High cost hepatitis C medications are adding up for California’s state medicaid program.
Private health plans invoiced the state of California $387.5 million to cover high-cost hepatitis C treatments in Medi-Cal between July 2014 and November 2015, when just 3,624 patients received the treatments, according to the California Department of Health Care Services.
The state’s supplemental payments started after managed care plans that cover health services for almost 80 percent of Medi-Cal recipients raised “alarm” about the high cost of the new drugs. The hepatitis C treatments were eating into financial reserves, said Charles Bacchi, president of the California Association of Health Plans, an industry trade group.
“Dollars that were intended for a wide array of medical services started being gobbled up by just one drug,” Bacchi said.
The health insurance companies are usually paid a flat rate per member to cover all health care needs. The Department of Health Care Services says this is the first time the state has paid health plans extra money to cover high-cost drugs. Sovaldi, a hepatitis C drug retailing at $1,000 per pill, has sent treatment prices soaring. The drug is made by Gilead Sciences of Foster City, Calif.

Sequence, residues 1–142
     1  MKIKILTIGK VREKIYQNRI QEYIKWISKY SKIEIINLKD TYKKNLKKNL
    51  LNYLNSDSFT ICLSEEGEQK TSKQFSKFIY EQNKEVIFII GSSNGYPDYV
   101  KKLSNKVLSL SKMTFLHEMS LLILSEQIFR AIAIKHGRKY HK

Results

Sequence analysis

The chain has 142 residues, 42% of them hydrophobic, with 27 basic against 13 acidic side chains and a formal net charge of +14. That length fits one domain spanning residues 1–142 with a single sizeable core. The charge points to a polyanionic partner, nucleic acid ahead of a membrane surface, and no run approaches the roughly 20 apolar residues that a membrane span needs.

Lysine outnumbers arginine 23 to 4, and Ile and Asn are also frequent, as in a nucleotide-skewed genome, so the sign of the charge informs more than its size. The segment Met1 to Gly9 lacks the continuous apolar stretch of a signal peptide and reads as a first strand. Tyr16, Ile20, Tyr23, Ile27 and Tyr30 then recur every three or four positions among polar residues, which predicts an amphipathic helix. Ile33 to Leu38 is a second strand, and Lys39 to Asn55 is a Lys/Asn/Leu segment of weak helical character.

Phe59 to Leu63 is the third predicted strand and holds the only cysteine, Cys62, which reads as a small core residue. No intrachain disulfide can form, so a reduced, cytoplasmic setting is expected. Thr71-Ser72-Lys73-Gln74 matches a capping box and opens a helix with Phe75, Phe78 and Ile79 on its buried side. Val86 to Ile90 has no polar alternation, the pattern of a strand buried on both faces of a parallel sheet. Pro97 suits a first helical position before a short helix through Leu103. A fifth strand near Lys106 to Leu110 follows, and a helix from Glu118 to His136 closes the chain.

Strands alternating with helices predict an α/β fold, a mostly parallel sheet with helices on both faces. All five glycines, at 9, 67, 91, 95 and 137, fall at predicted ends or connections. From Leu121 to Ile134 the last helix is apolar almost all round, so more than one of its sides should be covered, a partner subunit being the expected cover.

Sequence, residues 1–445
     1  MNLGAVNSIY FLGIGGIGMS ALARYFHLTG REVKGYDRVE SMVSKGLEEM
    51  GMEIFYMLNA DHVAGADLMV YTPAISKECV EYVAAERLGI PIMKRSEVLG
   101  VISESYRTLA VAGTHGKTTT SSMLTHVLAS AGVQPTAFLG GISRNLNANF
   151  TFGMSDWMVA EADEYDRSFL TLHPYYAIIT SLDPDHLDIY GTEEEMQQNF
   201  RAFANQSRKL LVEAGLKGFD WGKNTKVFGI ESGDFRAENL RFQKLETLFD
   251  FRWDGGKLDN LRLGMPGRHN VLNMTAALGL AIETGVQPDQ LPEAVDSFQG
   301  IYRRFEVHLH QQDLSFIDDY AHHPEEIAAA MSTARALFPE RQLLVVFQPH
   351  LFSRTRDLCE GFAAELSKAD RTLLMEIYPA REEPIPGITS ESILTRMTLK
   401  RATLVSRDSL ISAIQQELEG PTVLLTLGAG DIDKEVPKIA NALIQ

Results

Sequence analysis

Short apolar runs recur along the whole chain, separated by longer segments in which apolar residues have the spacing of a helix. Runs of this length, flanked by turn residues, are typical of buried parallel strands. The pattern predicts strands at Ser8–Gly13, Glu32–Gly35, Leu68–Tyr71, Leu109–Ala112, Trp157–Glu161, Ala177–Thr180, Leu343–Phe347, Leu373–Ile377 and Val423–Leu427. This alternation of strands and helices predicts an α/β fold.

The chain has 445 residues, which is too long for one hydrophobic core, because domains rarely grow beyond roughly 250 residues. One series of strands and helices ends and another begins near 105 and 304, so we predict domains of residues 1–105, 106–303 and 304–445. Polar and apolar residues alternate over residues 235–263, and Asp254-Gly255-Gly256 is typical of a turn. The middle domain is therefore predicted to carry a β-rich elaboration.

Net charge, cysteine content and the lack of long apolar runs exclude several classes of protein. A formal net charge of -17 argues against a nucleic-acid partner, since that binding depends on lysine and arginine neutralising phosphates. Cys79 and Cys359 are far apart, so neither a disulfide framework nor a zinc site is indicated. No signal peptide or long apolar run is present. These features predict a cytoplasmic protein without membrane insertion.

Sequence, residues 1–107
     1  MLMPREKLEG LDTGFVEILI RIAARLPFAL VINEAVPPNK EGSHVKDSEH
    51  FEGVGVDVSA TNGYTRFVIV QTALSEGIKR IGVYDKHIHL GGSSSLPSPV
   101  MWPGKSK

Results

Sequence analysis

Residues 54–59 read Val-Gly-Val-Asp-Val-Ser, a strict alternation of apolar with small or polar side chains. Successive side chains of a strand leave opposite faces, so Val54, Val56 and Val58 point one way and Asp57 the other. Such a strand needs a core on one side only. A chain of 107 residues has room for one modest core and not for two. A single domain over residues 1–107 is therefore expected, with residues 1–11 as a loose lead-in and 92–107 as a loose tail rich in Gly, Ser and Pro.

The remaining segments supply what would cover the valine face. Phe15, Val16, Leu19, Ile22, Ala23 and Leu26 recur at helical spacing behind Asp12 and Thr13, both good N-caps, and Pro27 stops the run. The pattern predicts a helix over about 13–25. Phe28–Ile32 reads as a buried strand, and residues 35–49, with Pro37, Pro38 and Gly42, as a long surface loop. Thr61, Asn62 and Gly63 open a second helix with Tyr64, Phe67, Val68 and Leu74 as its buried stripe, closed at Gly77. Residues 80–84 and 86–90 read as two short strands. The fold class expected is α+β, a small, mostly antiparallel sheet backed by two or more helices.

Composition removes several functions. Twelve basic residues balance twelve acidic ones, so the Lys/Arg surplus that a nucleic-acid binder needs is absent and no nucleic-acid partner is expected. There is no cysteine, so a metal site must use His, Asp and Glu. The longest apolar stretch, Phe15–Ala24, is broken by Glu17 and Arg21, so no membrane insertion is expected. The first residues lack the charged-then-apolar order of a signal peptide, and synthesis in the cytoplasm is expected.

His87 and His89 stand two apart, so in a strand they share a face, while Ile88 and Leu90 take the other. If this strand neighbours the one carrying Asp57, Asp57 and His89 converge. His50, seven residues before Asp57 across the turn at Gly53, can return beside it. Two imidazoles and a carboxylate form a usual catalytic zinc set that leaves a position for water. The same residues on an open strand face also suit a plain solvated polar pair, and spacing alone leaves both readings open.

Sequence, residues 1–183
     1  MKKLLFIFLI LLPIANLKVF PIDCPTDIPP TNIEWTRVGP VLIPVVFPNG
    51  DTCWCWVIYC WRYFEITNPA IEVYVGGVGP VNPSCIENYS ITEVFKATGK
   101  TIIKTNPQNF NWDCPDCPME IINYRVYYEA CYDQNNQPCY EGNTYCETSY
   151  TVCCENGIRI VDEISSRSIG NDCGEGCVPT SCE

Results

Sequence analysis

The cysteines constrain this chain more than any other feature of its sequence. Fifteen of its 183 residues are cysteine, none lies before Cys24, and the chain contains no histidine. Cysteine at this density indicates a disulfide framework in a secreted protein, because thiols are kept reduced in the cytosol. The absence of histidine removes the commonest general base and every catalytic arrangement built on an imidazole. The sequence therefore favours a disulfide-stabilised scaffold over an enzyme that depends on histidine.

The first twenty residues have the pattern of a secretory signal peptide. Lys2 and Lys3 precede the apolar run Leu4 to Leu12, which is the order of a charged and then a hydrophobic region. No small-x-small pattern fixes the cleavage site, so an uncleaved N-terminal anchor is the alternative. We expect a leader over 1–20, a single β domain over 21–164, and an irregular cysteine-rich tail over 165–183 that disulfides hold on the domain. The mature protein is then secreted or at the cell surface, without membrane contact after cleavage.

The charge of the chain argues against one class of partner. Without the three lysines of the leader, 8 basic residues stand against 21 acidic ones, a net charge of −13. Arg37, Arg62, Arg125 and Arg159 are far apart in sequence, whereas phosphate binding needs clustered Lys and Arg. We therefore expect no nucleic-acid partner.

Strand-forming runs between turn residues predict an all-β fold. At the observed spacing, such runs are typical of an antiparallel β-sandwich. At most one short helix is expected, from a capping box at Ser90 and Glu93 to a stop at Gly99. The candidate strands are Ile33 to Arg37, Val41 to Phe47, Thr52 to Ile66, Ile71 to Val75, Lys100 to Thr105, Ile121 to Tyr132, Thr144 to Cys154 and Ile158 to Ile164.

A mix of federal and state dollars paid health plans an average of nearly $107,000 per patient over 16 months. The spending covered the cost of Sovaldi and Harvoni, another new and expensive drug, as well as other drugs involved with hepatitis C treatment.
The funding will continue next year: The state health care agency has budgeted $303.4 million in supplemental drug payments for health plans for 2016–17.
Although the members of Bacchi’s trade group benefit from the additional funding stream, he says the state’s supplemental payments aren’t a “sustainable” solution.
The state receives some money back from drugmakers in the form of rebates. The ultimate price paid for drugs is confidential, according to the state health agency.
A ballot initiative aimed at limiting the cost of pharmaceuticals is expected to go before voters this November. The measure would limit the amount the state pays for a drug to no more than the lowest price paid for the same drug by the Department of Veterans Affairs.